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The Columbarium

Columbarium1Taking a break from what seems like incessant recipe documentation, I schlepped out to BevMo while DPaul was getting his teeth cleaned. I’d not been to the one on Geary at Stanyan before. As I pulled out from the underground parking lot, I was faced with a glorious green dome rising over the horizon. How could I resist the opportunity to stop into the Columbarium?

I’d never been to the Columbarium before, and it has always been on my list of things to do in the city. I have a thing for cemeteries generally, and this one is exceptional. San Francisco has but two cemeteries where people are buried in the ground; The Columbarium is where you put your ashes to rest.

Built in 1897, it was the centerpiece of a large cemetery. However, in 1901 interment became illegal within the city limits of San Francisco, and in the 1930s all burial plots (except the cemeteries in the Presidio and Mission Dolores) were moved to Colma.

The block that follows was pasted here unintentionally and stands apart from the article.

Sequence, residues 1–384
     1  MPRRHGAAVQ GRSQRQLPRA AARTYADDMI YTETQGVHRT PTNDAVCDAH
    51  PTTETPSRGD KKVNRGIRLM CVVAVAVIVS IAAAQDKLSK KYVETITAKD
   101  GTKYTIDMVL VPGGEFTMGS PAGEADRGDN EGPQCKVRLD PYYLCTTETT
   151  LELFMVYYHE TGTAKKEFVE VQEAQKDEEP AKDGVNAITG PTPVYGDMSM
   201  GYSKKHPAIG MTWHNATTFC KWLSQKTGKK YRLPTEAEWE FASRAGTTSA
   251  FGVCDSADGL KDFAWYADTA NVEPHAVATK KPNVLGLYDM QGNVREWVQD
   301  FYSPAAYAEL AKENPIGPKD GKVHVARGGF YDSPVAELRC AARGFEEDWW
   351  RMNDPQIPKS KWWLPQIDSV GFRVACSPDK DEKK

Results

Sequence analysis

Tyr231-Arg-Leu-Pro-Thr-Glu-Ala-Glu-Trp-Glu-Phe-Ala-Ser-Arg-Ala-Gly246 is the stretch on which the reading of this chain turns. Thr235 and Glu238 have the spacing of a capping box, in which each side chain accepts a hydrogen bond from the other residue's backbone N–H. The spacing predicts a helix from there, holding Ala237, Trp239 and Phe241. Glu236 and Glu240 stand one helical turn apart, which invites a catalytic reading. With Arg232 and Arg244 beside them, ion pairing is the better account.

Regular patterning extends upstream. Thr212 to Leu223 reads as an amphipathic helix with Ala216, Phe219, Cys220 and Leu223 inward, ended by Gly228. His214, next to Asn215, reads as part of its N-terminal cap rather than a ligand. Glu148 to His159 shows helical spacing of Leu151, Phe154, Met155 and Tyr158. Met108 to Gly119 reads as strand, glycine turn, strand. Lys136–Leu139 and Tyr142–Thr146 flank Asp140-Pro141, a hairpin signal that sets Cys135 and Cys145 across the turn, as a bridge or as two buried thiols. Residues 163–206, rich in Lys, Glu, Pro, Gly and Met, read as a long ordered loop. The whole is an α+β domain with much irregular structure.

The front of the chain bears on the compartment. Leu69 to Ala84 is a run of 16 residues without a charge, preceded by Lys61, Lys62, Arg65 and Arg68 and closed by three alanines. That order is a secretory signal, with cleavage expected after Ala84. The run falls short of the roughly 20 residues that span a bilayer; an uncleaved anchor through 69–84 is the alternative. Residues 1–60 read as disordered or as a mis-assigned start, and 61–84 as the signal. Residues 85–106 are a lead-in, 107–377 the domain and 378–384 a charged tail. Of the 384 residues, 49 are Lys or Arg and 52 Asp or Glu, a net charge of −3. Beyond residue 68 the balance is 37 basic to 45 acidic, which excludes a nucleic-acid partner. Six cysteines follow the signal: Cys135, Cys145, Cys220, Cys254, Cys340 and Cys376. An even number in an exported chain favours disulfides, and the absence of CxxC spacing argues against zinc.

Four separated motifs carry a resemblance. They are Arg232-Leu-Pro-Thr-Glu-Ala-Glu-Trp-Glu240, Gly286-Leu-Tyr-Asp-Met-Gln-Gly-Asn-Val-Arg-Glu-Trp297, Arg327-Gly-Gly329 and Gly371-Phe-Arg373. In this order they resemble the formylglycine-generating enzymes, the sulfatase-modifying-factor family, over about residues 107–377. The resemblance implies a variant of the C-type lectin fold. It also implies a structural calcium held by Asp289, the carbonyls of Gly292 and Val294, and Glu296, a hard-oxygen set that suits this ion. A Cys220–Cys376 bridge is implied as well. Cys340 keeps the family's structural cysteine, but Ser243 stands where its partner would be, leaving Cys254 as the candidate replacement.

The beautiful Victorian structure has niches on four levels, surrounding a central portico under the copper dome. It’s remarkable to see how people are commemorated — some of the niches are austere and somber; some are elaborate; others are filled with whimsical items from the person’s life. I was pleased to see a number of niches with rainbow flags, others with same-sex partners that have chosen to share the tight quarters. All in all, not a bad place to spend eternity. More crappy cell phone pics after the jump.

Neptune Society of Northern California
The Columbarium: Final Shelter [San Francisco Reader]

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